Mon., Oct. 23, 2017
Former Justice Jones on refugee crisis: ‘We have a lot of soul searching to do’
Former Idaho Supreme Court Chief Justice Jim Jones, speaking on a panel at the Frank Church Conference at Boise State University today, said he’s concerned that the nation is “turning inward as a country, taking away the welcome mat for immigrants and refugees.” He said that’s something that’s happened periodically throughout U.S. history, starting with objections to people fleeing the Irish potato famine. “People were talking about these people are going to bring crime and pestilence, while some of their sons were fighting for the union side in the civil war and distinguishing themselves,” Jones said. “We saw the same thing just after the Chinese immigrants had finished the Transcontinental Railroad,” with the passage of the Chinese Exclusion Act.
“In each of these instances, we looked at ourselves, and said, ‘That’s not us,’” Jones said. “I think we did some shameful things. I think we’re getting into the same shameful activity. We have politicians that are trying to win public office on the backs of refugees and immigrants, and I think it’s shameful.” He was interrupted by applause. “I think in coming years we’ll look back and say, ‘What were we thinking?’”
Jones asked, “What do we have as a responsibility to the refugee community? Well, I can’t think of any country in the world that has taken a larger hand in creating refugees than the United States of America.” He pointed to the Vietnam War, of which he’s a combat veteran. “We helped to create the refugee crisis in Vietnam,” Jones said.
“When Saigon fell in 1975 we heard some of the same comments that we’re hearing today, ‘we don’t want those people, they’ll bring disease, they’ll bring disruption, they’ll be a drain on the economy.’ It really burned me up, because these were our partners,” he said. “I worked with interpreters, South Vietnamese Army officers.” And when “something goes south,” he said, there was resistance to the idea that we should “give them safe harbor over here.”
Jones said the same thing came up in subsequent wars. “We started the war in Iraq, it was one of the stupidest blunders that this country has ever made,” Jones declared to loud applause. “It was completely unnecessary. But you know, there are still 50,000 Iraqis who helped us in that war, who were our partners, who acted as interpreters – there are still 50,000 people waiting to get into the United States who ... helped us as partners. …. But when you have a 45,000 limitation on refugees in this coming fiscal year, certainly you’re not going to be able to meet your commitment to those people.”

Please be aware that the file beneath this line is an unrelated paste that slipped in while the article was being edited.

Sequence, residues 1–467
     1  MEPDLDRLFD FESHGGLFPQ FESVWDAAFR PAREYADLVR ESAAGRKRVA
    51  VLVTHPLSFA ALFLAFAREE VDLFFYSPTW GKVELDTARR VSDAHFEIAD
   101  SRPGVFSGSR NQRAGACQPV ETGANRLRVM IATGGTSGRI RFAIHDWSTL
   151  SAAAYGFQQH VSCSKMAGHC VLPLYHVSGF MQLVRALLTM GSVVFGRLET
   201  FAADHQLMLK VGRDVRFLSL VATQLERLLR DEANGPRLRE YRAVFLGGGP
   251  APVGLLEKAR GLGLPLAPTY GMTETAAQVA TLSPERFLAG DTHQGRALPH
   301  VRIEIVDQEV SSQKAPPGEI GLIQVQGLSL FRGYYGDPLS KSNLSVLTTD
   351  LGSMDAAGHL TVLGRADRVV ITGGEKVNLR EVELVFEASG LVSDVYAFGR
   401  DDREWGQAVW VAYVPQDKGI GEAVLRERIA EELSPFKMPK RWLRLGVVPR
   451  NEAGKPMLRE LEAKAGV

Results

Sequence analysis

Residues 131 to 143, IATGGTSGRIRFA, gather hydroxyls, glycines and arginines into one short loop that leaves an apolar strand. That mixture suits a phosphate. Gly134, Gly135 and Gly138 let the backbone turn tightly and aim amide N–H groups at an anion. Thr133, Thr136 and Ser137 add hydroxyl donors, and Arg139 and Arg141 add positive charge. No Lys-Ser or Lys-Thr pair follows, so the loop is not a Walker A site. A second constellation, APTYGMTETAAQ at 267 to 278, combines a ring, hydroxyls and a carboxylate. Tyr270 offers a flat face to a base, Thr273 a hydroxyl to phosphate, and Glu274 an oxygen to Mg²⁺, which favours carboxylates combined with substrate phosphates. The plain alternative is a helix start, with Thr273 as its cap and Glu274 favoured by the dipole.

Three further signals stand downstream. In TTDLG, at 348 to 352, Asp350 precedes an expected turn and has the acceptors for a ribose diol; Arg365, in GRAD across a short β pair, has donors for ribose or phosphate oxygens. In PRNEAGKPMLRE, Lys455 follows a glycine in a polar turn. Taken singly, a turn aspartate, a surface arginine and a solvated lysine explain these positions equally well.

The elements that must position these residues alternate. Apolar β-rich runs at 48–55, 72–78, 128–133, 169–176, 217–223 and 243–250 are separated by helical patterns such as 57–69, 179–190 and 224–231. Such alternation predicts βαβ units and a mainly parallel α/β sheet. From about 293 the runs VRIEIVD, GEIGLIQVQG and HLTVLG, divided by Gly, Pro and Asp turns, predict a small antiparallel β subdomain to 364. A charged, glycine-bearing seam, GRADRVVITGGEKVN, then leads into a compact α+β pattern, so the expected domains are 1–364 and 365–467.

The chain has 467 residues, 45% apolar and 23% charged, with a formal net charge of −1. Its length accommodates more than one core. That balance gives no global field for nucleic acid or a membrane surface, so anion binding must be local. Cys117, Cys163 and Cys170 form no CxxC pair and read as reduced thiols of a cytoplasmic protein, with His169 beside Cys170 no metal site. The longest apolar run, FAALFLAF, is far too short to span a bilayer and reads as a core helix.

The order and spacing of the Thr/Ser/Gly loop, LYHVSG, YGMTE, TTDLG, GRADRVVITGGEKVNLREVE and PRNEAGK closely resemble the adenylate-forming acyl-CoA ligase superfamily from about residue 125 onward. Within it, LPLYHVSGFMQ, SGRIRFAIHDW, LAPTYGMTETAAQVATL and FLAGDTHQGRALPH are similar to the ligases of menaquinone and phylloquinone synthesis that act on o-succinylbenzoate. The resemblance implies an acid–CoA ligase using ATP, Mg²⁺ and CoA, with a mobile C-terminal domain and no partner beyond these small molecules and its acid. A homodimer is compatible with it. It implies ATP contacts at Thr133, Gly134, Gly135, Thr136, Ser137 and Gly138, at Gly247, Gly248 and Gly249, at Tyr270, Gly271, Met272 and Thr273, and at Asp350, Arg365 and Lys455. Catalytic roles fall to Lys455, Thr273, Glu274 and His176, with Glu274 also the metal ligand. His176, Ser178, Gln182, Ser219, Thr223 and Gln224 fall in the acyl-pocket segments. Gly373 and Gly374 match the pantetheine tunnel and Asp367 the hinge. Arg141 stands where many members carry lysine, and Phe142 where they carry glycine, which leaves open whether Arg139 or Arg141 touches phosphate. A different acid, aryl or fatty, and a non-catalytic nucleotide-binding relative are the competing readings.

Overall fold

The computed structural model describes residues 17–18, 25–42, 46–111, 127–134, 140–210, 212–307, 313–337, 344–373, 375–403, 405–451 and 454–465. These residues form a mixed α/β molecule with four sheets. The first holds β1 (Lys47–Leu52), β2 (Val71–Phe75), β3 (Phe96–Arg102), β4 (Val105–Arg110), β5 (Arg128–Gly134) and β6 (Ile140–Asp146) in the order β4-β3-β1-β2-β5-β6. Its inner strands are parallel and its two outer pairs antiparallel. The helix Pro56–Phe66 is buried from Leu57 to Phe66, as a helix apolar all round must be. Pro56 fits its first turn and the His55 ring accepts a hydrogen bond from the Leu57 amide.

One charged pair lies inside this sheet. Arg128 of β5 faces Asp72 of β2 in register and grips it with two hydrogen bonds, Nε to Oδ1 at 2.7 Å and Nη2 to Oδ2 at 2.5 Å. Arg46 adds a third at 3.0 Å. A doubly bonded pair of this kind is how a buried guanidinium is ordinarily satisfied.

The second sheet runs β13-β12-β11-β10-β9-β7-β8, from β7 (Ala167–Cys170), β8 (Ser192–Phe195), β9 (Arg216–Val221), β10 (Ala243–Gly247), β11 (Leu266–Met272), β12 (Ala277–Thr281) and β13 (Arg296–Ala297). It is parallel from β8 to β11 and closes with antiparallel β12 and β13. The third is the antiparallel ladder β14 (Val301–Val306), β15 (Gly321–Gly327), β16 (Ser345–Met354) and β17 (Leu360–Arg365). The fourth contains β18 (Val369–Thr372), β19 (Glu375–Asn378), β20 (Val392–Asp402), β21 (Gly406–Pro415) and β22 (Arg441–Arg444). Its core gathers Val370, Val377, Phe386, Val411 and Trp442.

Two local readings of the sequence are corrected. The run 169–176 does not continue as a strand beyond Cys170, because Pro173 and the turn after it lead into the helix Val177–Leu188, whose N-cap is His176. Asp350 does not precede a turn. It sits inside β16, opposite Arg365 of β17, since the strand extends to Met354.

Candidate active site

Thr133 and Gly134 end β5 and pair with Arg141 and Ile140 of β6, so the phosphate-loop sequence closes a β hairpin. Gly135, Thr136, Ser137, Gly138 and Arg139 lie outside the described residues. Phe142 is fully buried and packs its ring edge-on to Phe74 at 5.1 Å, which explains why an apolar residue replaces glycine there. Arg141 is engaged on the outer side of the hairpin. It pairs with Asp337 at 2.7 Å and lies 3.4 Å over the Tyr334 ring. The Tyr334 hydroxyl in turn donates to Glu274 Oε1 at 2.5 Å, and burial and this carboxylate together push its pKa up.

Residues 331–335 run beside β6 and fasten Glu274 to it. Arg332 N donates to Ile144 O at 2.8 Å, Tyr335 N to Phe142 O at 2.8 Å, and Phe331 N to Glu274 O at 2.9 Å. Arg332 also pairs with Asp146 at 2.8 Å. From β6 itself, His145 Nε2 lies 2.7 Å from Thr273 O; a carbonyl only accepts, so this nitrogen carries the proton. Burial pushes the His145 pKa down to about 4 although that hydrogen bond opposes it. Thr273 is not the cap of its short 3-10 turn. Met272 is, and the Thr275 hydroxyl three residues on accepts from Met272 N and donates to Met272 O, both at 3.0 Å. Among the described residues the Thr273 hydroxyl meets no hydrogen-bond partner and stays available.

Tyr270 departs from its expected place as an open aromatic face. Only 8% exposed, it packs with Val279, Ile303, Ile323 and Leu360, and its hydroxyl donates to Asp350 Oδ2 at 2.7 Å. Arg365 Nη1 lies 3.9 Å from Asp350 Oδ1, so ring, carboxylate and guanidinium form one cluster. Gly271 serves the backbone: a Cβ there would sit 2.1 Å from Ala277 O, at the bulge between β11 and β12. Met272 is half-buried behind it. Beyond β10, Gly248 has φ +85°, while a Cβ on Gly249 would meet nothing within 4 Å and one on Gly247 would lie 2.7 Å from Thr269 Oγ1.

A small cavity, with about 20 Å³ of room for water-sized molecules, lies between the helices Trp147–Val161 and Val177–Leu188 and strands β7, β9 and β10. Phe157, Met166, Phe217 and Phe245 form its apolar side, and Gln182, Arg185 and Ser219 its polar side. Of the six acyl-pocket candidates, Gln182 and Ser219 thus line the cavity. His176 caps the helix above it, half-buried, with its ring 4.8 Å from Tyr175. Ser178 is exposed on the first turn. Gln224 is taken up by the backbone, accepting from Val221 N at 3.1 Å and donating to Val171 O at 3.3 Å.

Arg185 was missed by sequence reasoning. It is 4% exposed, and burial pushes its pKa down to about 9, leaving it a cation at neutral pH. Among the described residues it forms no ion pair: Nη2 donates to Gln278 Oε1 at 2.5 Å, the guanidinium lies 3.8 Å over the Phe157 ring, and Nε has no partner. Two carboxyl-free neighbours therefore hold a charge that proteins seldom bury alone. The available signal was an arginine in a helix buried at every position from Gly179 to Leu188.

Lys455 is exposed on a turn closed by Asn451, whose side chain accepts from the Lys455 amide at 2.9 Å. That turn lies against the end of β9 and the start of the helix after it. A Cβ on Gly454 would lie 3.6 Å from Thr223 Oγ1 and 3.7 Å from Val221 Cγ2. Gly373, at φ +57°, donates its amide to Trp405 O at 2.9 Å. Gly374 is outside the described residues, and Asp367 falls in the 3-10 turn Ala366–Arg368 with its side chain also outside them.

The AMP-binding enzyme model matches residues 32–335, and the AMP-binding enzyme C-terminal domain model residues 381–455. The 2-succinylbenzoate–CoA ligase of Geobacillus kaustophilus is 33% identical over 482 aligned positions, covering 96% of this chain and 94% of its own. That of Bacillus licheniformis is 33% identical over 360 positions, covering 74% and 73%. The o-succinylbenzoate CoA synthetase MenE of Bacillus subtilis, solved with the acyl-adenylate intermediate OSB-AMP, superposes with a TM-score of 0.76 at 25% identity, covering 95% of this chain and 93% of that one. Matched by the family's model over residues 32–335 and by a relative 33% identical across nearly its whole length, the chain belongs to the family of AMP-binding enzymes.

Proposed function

He said the same thing goes for people who helped U.S. forces in Afghanistan, the Middle East, Somalia and more.
“I just don’t understand it,” Jones said. “The world looks at who can we support, who has the moral high ground, who can we rely on, and when things go south, who can we trust. And if that’s the way we’re going to act, I don’t think we’re going to have a lot of help when we’re going to need it. We need it in trying to work out the situation in North Korea,” and in Iran, he said. “If we treat our friends and allies so poorly, if it’s a danger to someone to partner up with the United States, where are we going to get our help?”
“I think we have a lot of soul searching to do,” Jones said. “Let’s be the country we used to be. You can’t be a great country unless you’re a good country.” That was greeted with resounding applause.
Responding to questions from the crowd, Jones said he’s worried that the move to restrict refugees from entering the country “goes hand in hand with a little bit of cozying up with white nationalists, who are kind of pursuing the same path to increasing their political strength.” He noted that that’s come up periodically over U.S. history, as well, including moves against Italian refugees who were arriving in the 1920s.
“I think what we need to do is kind of what Idaho did back in the early ‘80s when the Aryan Nations were growing in strength, and that is to start talking about it, and taking an active part in debunking them,” Jones said. “Every citizen can do that. Every person in this room can write a letter to the editor, send a letter to your congressman, saying we don’t like this thing. You know, if we have white nationalists running around, do something about it. If we have people that are bashing refugees, and I think people in our delegation know that’s wrong, but they’re afraid to speak out on it. Tell ‘em we’re not going to stand for that. You’ve got to stand up.”
Jones said one thing he’s done personally is push for lawyers in Idaho to provide free legal assistance to refugees, because they’re likely to be unfamiliar with U.S. laws. A group of volunteer lawyers in Idaho “added a box on their form that people could agree to help refugees, and it wasn’t a short period of time that 50 attorneys said yes,” he said.
Another questioner from the audience, also a Vietnam vet, asked when Jones would run for the House or Senate.
“I think at 75 I’ve done my share of running for anything,” he said amid laughter. “I suggested to my wife that maybe just for the heck of it I ought to run for governor on an independent ticket – she said forget it,” he said. “It’s not going to happen. … But I do intend to try to provide some criticism or guidance for those who do run.”
Jones, a Republican who served two terms as the state attorney general before he was elected to the Supreme Court, prefaced his remarks by saying that after years on the state’s highest court, “you sometimes can’t say anything as a judge. Since I retired, I’m unshackled, and can speak out on things that really distress me.”